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Would You Like Some Freshly Ground Placenta On Your Salad?

by Eric Hall

February 1, 2014

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Donate Whenever I write on Skeptoid about medical topics, it seems a majority of both the content of my posts as well as most of the responses to comments is spent in repeating over and over that anecdote is not evidence. Your personal story, a bunch of stories put together, or even the story of an "expert" do not constitute proof of your hypothesis. Do not misunderstand my meaning here. Observation and anecdote certainly can be valuable to science. This can often be the basis for forming a hypothesis, and can provide direction for the design of a study in which to test the hypothesis. That is a very important distinction.

Let me repeat: anecdotes are not evidence. While anecdotes have value, only a repeatable, controlled study can provide the proper evidence to verify a hypothesis.

An article posted on the Common Health page of WBUR - Boston's NPR station - is a perfect example of anecdote being presented as evidence. Kira Kim, the author of the article, describes herself as, "a Certified Lactation Educator, labor doula and student midwife..." While this might give Ms. Kim some experience in both the delivery process and lactation, it does not necessarily signify any medical training. This is evident in her presentation of "proof" that eating the placenta after giving birth somehow has health benefits.

The top claim she presents as evidence is a quote from Amanda Englund who runs a service which puts a placenta in pill form (encapsulation). Ms. Englund's "proof:"
More folks are learning about it through media sources and more mothers are sharing their experiences about how positive the effects have been on their recovery.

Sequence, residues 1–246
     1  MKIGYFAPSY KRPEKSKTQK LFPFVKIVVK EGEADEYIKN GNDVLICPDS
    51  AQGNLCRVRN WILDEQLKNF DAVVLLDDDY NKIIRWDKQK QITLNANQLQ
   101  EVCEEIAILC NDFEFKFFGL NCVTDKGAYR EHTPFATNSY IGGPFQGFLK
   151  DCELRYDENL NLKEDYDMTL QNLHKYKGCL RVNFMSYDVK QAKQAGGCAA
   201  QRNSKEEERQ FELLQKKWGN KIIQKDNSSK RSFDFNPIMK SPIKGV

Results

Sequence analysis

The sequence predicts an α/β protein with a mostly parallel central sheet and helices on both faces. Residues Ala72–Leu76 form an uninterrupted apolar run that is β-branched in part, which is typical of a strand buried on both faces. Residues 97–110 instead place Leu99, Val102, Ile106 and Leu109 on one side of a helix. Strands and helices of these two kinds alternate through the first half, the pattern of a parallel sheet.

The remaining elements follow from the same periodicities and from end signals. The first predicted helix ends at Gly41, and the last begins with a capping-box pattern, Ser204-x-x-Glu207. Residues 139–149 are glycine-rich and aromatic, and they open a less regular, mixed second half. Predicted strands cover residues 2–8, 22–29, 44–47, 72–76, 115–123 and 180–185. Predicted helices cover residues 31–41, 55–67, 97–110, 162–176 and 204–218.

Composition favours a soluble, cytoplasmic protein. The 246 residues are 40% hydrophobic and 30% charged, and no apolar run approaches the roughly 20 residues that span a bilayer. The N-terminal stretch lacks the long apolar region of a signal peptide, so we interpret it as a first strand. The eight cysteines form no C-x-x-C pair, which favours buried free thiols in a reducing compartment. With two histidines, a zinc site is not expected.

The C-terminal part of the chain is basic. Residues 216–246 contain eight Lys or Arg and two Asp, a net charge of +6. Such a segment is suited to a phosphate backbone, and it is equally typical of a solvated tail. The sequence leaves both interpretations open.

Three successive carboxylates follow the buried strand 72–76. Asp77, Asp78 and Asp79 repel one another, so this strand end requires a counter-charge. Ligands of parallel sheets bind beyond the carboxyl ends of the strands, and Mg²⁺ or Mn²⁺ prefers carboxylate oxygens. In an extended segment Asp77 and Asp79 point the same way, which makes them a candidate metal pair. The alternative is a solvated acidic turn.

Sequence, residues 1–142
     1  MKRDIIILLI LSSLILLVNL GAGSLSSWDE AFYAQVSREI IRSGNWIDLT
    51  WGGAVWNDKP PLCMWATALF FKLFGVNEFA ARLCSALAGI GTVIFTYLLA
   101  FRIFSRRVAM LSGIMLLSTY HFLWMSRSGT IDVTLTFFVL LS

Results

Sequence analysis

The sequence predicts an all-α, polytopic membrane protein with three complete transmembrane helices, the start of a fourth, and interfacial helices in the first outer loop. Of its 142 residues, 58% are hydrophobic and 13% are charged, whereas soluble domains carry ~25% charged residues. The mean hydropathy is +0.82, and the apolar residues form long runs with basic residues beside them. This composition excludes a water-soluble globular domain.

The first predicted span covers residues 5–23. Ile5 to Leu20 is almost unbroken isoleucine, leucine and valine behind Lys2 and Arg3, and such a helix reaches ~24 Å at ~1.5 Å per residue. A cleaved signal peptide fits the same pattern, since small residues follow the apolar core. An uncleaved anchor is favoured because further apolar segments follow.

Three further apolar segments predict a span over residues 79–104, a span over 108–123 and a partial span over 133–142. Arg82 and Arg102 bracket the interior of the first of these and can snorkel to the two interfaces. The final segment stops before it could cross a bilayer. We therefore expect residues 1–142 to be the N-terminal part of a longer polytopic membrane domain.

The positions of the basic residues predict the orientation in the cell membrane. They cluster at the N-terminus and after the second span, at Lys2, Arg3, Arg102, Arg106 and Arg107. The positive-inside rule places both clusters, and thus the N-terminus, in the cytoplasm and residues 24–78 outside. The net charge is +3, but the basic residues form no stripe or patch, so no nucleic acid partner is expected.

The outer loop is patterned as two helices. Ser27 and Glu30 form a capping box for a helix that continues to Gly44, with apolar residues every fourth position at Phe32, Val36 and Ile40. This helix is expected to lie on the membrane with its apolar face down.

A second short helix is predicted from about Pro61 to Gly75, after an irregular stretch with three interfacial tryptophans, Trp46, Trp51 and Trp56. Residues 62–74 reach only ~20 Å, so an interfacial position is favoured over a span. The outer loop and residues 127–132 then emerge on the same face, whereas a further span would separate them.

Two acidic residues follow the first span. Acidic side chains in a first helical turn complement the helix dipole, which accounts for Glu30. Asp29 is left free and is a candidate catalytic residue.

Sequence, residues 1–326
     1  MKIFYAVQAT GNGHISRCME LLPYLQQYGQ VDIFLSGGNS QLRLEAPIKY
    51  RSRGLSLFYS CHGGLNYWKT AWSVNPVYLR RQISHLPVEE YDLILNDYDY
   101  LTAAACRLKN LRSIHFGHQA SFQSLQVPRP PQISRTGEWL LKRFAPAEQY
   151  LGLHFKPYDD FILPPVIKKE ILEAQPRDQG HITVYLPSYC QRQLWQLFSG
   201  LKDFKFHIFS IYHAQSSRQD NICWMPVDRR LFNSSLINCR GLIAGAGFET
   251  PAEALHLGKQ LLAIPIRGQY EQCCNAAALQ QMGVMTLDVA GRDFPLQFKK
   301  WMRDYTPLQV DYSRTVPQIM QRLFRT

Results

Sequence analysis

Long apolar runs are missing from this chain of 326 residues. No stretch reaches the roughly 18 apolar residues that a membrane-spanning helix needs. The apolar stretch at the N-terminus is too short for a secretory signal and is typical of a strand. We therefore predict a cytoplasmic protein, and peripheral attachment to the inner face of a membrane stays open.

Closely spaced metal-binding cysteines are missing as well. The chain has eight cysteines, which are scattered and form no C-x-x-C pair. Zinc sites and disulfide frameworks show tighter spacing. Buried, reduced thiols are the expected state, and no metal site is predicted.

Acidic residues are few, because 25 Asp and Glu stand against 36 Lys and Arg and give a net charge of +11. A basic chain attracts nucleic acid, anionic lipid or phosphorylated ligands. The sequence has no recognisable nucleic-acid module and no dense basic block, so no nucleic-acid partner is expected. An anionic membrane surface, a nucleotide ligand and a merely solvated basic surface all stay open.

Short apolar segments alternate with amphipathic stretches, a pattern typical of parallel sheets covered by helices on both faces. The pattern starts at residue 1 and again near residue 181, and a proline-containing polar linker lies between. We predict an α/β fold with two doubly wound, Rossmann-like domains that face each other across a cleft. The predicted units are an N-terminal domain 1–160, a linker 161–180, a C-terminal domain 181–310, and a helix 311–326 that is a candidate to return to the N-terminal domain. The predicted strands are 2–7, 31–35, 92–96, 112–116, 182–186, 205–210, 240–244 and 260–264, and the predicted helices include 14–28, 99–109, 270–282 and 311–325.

Withing the same paragraph Ms. Kim further provides "proof:"
Want more proof? Kim Kardashian is considering it. And mean "Glee" cheerleading coach Sue Sylvester took her placenta home.
That's better than a controlled study, right?

I won't further quote the article, but instead list the remaining "evidence" Ms. Kim presented. First was a survey of 189 women who reported their results from eating placenta, and sure enough the women reported more energy and better mood. Once again - there is no control and the demographics seem to indicate a certain bias as to who participates in placenta eating.

The paper in which the survey is reported, as well as Ms. Kim's article, also point to traditional Chinese medicine as further "evidence" of the benefits. Ms. Kim even talks about how a Chinese medicine practitioner prescribed her placenta to "balance [her] qi." Chinese medicine, as pointed out in a Skeptoid episode, was a way to try to bring some basic medical care to rural areas of China. It advocates scientific medicine, but offers alternative medicine as a last resort - mostly for comfort when standard care isn't available. It isn't evidence-based in any way.

Ms. Kim's final evidence is her own anecdotes of mothers she helps through the placenta eating process. Once again, there is no control. In fact, there is no mention of how mood and energy are quantified. It seems to be more of a classic case of the placebo effect: if you take something or do something that people say will make you feel better, it probably will make you feel better, at least temporarily or a little bit.

Is it possible that eating placenta is beneficial? I don't think the hypothesis is completely without merit. The number of anecdotes lead us to at least consider performing a study that is controlled and gives good, quantifiable measurements. We can also look at other animals as we do share many commonalities. Most mammals do eat their placenta. Again, this isn't evidence, but it is an observation scientists do sometimes use to determine if something has merit to study in humans. However, there are both concerns with the plausibility and with possible negative effects of eating placenta.

Placenta eating advocates claim that the placenta is dense in many nutrients, and try to justify it with limited animal studies. As Dr. Harriet Hall writes: